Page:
The study tracked the playing time of every player in last season’s Premier League, along with the club or academy where they finished their youth career.
Hector Bellerin and Alex Iwobi continued to fly the flag for Arsenal’s homegrown brigade, while Jack Wilshere’s return from a loan spell at Bournemouth boosted their figures – the sometime England midfielder, though, was released at the end of the season and joined West Ham.
Ainsley Maitland-Niles stepped up from a solitary minute in the Premier League in 2016-17 to play 993 minutes last term – and the first Arsenal player born after Wenger took charge was joined in that niche category by Reiss Nelson, Joe Willock and Eddie Nketiah.
Francis Coquelin made it eight homegrown players, though the midfielder’s playing time was limited by the form of Mohamed Elneny.
The chasing pack
Twelve months previously, the study showed 10 United academy graduates featuring in Jose Mourinho’s Premier League team.
Many of those only featured late in the season, though, when Mourinho shuffled his pack to focus on the Europa League – Joel Pereira, Timothy Fosu-Mensah, Demetri Mitchell, Scott McTominay, Josh Harrop and Angel Gomes each failed to crack 100 minutes.
McTominay was the only one to establish himself in 2017-18, playing 694 minutes to join Paul Pogba, Marcus Rashford and Jesse Lingard as regular contributors while Axel Tuanzebe featured for two minutes.
Southampton were the other team to reach five players but only James Ward-Prowse featured regularly, meaning Everton and Tottenham were next up in terms of playing time.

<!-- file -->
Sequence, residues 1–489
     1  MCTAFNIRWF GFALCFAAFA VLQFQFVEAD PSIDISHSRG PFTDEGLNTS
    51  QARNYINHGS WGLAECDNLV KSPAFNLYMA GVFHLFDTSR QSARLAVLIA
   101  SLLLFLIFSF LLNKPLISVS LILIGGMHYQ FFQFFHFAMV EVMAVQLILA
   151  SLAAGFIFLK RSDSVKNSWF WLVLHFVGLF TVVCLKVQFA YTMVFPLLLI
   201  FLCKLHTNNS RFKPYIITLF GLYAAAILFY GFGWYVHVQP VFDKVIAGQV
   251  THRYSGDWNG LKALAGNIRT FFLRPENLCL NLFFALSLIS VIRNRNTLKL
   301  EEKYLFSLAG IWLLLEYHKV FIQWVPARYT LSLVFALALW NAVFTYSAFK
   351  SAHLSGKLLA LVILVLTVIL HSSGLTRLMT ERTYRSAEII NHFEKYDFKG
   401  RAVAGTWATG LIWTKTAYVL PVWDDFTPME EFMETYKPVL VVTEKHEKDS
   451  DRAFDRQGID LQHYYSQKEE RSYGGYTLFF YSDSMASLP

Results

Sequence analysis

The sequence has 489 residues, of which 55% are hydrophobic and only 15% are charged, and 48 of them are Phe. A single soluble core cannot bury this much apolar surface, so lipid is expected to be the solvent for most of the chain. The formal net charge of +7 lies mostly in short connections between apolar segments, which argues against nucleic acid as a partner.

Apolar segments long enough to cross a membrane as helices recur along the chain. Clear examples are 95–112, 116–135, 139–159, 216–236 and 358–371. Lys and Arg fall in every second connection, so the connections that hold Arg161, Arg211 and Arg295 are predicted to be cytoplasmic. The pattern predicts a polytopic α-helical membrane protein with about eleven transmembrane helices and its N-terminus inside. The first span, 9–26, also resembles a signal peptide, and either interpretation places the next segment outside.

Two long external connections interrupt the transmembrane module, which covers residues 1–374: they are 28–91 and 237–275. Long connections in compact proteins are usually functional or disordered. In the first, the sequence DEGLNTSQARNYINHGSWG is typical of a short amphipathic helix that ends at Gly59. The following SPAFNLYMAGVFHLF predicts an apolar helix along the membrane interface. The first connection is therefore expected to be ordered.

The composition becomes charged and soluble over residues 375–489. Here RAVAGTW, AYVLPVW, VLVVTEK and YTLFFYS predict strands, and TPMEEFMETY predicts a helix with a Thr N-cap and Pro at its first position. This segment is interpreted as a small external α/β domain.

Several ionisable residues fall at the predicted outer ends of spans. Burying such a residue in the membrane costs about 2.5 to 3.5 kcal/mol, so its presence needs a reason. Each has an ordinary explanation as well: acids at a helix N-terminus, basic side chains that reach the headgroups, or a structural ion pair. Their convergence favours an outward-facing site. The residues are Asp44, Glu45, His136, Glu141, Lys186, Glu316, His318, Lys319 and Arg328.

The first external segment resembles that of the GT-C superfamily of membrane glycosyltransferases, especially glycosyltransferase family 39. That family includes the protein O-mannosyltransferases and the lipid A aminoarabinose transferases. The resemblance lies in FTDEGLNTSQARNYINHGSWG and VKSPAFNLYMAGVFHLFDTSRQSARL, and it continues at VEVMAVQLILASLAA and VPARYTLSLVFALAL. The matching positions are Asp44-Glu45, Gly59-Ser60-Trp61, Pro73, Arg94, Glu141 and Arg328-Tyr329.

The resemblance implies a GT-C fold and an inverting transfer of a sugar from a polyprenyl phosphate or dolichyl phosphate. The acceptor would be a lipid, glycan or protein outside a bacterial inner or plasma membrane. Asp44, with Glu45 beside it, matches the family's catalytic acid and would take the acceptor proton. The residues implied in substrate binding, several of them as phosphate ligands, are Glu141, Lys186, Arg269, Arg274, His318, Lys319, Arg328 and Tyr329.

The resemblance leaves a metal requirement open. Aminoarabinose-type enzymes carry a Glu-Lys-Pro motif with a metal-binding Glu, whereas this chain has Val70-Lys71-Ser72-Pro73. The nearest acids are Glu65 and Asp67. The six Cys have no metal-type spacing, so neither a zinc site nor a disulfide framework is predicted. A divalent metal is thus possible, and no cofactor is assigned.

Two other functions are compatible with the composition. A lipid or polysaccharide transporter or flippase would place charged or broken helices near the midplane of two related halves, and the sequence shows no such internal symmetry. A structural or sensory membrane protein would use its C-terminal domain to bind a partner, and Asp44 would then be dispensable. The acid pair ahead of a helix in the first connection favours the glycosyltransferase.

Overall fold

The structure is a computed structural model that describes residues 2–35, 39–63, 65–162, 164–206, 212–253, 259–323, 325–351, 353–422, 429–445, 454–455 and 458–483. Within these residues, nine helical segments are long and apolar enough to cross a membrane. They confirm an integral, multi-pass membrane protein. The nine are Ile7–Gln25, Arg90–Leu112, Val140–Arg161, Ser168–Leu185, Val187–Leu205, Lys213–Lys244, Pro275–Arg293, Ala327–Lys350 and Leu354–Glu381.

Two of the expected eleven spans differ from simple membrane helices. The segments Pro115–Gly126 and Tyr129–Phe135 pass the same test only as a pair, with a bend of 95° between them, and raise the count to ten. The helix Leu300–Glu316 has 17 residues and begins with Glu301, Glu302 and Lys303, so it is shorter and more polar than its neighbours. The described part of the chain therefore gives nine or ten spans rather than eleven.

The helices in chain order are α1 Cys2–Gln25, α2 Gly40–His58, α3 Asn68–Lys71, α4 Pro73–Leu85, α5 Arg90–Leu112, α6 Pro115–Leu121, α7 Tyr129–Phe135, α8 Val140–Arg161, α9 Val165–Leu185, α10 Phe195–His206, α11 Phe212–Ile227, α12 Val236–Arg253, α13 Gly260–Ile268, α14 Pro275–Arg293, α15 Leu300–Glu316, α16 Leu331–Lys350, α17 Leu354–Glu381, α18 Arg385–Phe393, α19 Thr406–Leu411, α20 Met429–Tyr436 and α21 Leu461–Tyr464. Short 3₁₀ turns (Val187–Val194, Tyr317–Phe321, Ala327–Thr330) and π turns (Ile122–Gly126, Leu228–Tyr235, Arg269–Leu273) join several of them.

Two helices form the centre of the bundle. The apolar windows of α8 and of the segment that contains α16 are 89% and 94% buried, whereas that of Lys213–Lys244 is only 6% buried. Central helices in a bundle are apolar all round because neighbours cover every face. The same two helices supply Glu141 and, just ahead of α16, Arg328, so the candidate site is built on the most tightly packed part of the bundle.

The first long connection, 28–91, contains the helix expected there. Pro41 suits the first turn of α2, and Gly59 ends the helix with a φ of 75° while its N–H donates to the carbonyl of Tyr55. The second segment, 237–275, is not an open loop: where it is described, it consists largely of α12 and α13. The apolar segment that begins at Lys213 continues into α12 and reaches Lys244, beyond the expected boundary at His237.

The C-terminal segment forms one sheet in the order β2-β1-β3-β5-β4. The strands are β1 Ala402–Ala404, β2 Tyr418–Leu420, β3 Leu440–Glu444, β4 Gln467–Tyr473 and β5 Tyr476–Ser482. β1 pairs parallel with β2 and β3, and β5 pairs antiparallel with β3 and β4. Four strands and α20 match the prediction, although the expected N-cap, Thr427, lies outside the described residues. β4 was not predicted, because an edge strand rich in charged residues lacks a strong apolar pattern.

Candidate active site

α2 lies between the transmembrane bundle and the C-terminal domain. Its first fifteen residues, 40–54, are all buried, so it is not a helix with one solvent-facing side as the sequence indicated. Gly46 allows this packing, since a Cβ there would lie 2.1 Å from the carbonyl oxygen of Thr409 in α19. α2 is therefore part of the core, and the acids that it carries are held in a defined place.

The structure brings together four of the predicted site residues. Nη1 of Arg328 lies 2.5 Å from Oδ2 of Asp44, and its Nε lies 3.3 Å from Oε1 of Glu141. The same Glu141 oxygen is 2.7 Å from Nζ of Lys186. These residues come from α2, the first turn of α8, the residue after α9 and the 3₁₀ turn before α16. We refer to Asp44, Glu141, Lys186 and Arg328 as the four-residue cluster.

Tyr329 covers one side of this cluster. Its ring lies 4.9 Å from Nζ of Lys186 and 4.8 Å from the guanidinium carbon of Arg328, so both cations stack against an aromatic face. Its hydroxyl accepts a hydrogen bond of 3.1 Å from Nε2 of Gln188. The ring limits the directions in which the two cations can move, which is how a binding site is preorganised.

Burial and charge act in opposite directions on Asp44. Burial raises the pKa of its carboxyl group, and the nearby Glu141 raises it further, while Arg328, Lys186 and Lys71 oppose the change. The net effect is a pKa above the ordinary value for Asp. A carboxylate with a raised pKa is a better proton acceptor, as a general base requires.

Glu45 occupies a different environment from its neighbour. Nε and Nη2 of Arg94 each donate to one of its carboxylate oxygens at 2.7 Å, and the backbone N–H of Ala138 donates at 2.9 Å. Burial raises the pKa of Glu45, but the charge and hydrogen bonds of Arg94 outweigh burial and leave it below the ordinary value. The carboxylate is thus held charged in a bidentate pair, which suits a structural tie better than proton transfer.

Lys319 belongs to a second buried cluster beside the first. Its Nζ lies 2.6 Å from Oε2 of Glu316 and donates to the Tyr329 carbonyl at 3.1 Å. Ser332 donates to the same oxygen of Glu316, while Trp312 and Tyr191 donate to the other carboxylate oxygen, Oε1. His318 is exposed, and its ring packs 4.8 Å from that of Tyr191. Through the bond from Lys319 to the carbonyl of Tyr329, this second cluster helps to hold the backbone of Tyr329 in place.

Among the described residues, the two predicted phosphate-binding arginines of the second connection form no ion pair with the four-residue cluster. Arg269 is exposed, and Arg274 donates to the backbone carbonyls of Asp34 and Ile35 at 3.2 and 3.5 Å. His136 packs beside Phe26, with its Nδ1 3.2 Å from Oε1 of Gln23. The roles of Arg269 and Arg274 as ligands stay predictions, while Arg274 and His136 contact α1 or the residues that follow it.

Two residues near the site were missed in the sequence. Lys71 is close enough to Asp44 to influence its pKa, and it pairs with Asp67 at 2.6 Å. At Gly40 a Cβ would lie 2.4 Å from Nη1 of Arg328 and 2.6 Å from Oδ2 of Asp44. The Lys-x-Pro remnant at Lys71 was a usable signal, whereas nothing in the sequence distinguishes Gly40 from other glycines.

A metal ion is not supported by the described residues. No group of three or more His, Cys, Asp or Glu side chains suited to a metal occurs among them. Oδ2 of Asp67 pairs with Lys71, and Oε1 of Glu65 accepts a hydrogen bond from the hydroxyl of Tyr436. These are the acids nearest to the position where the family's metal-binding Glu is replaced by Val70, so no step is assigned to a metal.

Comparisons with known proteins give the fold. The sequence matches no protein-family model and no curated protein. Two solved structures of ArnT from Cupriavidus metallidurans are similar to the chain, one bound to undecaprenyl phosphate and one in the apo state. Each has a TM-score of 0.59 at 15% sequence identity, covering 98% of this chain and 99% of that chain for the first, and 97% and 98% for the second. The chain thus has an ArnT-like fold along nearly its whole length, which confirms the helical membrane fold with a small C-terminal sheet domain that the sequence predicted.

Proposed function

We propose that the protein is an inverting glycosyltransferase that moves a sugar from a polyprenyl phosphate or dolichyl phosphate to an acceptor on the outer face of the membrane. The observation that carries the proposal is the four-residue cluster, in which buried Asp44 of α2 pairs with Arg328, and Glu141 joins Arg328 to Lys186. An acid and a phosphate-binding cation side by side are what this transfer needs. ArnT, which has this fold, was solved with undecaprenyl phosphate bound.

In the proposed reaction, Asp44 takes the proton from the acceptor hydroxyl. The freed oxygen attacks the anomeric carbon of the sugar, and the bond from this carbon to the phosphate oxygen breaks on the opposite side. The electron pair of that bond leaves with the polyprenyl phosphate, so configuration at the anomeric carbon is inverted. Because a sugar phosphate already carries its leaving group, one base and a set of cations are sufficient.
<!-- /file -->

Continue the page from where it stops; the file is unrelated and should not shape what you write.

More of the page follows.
The Toffees re-signed Wayne Rooney from United – like Wilshere, he has since moved on – and also gave regular action to Tom Davies and Jonjoe Kenny, with Beni Baningime adding to the tally. Harry Kane led a Spurs contingent also featuring Danny Rose, Harry Winks and Kyle Walker-Peters.
Manchester City compiled some impressive statistics as they swaggered to the Premier League title, but playing time for academy graduates was not among them.
The previous season’s only contributor, Kelechi Iheanacho, was sold to Leicester before the season started and none of his fellow prospects managed even the equivalent of a full match, though hopes are high for Phil Foden and Brahim Diaz.
They, along with Lukas Nmecha, combined for 152 minutes – only Bournemouth, with 74 minutes from Jack Simpson, and Burnley ranked lower.
The latter pair were two of five clubs to use only a single player developed in-house – though Brighton’s lone representative, Lewis Dunk, was a Premier League ever-present. Adrian Mariappa played 2,385 minutes for Watford while Connor Roberts accounted for all of Swansea’s 288-minute tally.
Chelsea defender Cesar Azpilicueta has hailed the impact of new manager Maurizio Sarri, saying “the team looks better with every minute.”
Sarri replaced fellow Italian Antonio Conte earlier this month after a protracted managerial saga, but has quickly left his imprint on the squad.
“It’s been really good since the first day,” the Spainiard told Goal. “We’ve been learning his methods and I think the team looks better with every minute.
“We know we don’t have a lot of time to prepare for [the new season] so we have to work hard to pick up the movements we want to do.
“I think we saw a good team against Inter and we have to play collectively to get the results.”
Last season’s FA Cup winners will have an earlier start to the season than most, as after their final preseason clash, against Arsenal on Wednesday in Dublin, Chelsea face reigning Premier League champions Manchester City in the Community Shield on Sunday.
“We are improving and we have to keep learning in the games that we have on Wednesday and then on Sunday against City,” the 28-year-old said.
“We know we can still improve, we have room for improvement and we want to work on that aspect.”